Purpose: A program at a family medicine clinic to provide naloxone prescriptions in conjunction with education on naloxone use and opioid hazards to patients at risk for opioid overdose is described.
Summary: Consistent with a 2016 Centers for Disease Control and Prevention (CDC) guideline on opioid prescribing for chronic pain, a family medicine clinic implemented updated controlled substance agreements and medical record templates for documentation of pain management visits and established a pharmacist-led naloxone clinic. Chart reviews were performed to identify patients eligible for naloxone, as defined by the CDC guideline. A standard visit template was constructed to guide patient education regarding overdose risks and naloxone use. The teach-back method was used to ensure patient understanding, and patients were encouraged to bring a friend or family member to clinic visits. To address medication access barriers, community resources for patient referral for assistance were identified. Barriers to attendance at pharmacist-conducted visits necessitated changes in clinic workflow to incorporate education into prescheduled physician visits and education of some patients via telephone. During the first 6 months of clinic operations, 49 patients were identified as being at risk for opioid overdose; pharmacists educated 84% of those patients and subsequently confirmed that 69% had filled a naloxone prescription.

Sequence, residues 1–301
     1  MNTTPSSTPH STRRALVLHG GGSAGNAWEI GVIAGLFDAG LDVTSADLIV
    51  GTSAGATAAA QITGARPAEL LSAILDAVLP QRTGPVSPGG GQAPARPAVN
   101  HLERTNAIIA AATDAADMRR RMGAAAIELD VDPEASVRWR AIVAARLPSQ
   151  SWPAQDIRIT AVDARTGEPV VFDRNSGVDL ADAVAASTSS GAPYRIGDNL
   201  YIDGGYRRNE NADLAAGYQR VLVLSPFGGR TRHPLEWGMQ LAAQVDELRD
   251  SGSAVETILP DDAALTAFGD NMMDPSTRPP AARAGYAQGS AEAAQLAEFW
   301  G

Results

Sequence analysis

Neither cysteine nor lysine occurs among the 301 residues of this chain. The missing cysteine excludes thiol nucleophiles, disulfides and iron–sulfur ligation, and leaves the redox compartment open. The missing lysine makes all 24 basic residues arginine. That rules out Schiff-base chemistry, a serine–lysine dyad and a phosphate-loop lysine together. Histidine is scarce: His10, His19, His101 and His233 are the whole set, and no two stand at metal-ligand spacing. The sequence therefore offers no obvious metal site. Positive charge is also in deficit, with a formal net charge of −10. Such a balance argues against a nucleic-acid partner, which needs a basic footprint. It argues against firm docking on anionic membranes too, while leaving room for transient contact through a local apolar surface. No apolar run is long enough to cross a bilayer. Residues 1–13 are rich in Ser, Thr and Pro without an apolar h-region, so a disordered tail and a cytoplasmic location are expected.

Conclusion: Naloxone prescribing and provision of education on naloxone use to at-risk patients in a family medicine clinic can help ensure access to life-saving medication and reinforce CDC recommendations on safe prescribing of opioids.
Keywords: ambulatory care; education; family practice; naloxone; opioid analgesics; pharmacists.
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